Summer Reading List 2023: First

I’ve had a hard time reading lately. My relationship took a disastrous turn last week, which put me behind even further than I’d like. But I’ve managed to push through the adversity and finish one of the goals I’d set for myself. Here we go.


Title: Now the Chips Are Down
Author: Alison Gazzard
Genre: Tech History
Year: 2016

Now the Chips Are Down is another entry in the MIT Press "Platform Studies" series. The series started in 2009 with Racing the Beam, a deep dive into the Atari 2600 and how its very peculiar implementation shaped the American video game market. Since then, a variety of authors have written about a variety of creative platforms. Most are game consoles, such as the NES (I Am Error) and the Wii (Codename Revolution), while some are home computers like the Amiga (The Future Was Here). A few don’t seem to fit in, such as Macromedia Flash (Building the Interactive Web) and the Amazon Kindle tablet (Four Shades of Gray), but there’s a cohesion to the series despite that.

This book falls into the "home computer" category, but it’s a very specific one that I’ve never used and never even seen in real life: the BBC Micro. As its name suggests, this was a computer built—well, contracted—by the British government.

Back in the late 70s and early 80s, the BBC was well-respected as an impartial presenter of the news. Today, of course, it’s a leftist propaganda outlet little different from the New York Times or Washington Post, but the Thatcher era was a different time. This was back when governments cared about building up their constituents, making them more informed, not less. As the UK was a technological backwater, missing out on many of the advances taking place in the US at the time, they needed something special to create the kind of digital literacy we now take for granted.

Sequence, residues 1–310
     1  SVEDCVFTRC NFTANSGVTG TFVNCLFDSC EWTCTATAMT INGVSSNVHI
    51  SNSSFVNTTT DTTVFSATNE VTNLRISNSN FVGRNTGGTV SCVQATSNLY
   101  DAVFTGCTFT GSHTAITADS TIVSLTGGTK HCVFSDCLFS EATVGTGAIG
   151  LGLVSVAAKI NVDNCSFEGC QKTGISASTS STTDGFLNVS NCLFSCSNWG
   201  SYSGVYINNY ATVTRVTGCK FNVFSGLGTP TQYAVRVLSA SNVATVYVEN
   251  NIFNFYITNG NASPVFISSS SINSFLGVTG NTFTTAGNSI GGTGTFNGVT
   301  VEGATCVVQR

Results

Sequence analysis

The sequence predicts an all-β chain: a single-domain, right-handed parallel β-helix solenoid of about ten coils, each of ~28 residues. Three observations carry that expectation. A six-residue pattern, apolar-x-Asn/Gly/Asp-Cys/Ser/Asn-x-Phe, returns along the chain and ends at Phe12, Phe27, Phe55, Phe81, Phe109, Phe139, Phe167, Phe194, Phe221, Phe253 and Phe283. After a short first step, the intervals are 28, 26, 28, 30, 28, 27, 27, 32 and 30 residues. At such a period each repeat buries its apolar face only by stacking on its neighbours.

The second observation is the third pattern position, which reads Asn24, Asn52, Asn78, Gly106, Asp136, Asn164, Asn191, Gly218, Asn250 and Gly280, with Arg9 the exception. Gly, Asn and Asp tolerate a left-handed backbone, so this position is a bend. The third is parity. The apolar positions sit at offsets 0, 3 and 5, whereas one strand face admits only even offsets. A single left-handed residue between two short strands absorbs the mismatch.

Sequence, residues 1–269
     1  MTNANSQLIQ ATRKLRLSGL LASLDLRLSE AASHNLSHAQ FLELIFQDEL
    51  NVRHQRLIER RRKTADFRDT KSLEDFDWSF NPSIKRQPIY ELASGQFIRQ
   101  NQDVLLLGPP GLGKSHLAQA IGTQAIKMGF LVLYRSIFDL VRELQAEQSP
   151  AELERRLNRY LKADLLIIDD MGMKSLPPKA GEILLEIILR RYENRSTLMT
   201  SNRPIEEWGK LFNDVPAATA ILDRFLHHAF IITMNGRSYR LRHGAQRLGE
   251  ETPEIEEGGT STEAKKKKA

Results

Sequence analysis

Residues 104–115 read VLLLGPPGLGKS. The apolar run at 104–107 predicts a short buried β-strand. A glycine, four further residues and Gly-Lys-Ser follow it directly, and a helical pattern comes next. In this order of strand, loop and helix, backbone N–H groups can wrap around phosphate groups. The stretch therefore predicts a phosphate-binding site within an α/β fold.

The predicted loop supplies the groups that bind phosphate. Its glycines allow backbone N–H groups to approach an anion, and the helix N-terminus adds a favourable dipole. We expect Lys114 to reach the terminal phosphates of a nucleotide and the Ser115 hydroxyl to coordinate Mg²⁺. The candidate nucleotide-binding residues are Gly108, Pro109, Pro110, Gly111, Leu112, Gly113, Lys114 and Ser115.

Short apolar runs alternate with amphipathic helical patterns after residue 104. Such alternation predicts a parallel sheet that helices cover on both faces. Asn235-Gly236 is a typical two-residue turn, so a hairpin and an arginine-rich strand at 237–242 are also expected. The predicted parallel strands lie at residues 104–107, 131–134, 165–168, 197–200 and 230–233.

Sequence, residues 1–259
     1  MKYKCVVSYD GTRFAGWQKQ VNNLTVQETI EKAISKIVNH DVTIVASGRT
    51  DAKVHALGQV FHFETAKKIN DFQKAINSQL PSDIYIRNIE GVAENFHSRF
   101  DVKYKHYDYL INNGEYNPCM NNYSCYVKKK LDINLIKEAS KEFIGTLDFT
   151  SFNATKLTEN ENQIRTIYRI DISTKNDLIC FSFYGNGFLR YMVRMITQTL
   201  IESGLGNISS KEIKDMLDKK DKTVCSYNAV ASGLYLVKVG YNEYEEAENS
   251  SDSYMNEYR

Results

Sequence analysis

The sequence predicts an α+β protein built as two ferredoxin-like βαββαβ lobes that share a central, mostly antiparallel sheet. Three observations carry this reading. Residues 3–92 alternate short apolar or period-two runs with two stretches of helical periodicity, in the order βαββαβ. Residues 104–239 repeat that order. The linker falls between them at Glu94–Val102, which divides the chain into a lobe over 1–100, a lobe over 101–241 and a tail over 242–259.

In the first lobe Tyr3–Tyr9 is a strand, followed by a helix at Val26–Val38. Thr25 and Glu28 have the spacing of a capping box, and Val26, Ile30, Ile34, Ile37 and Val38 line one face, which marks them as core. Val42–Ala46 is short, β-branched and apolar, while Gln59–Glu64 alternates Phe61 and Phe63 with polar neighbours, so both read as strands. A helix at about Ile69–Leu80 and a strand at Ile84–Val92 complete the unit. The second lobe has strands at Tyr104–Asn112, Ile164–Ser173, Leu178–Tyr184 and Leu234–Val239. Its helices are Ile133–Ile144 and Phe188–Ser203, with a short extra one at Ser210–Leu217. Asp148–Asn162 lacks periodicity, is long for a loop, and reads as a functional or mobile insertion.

Their answer was the BBC Micro, a fairly large and expensive 8-bit home computer. Built by Acorn—the creators of other also-ran computers like the Atom and Archimedes—using the same 6502 processor that almost everyone else used, the BBC Micro had a few additions that made it unique to its time and place. Open, accessible expansion ports encouraged tinkering. Manuals described programming, an absolute necessity for computer owners in the years before I was born, in better detail than most of the competitors’ offerings, and the included dialect of BASIC is still regarded as one of the most advanced. The thing even had an adapter for Britain’s early attempt at a nationwide on-demand streaming service: Ceefax.

All this was part of the UK government’s attempt at getting its citizens, especially children, both interested in and comfortable with computers as tools. And that’s admirable. Too often today, we see the opposite: computers are expected to be black boxes, mere appliances that do whatever their creators tell them. The hacker spirit is actively discouraged through social and even legal means. But again, Britain circa 1981 was a different place. This was a country afraid of losing what little remained of its status on the global stage.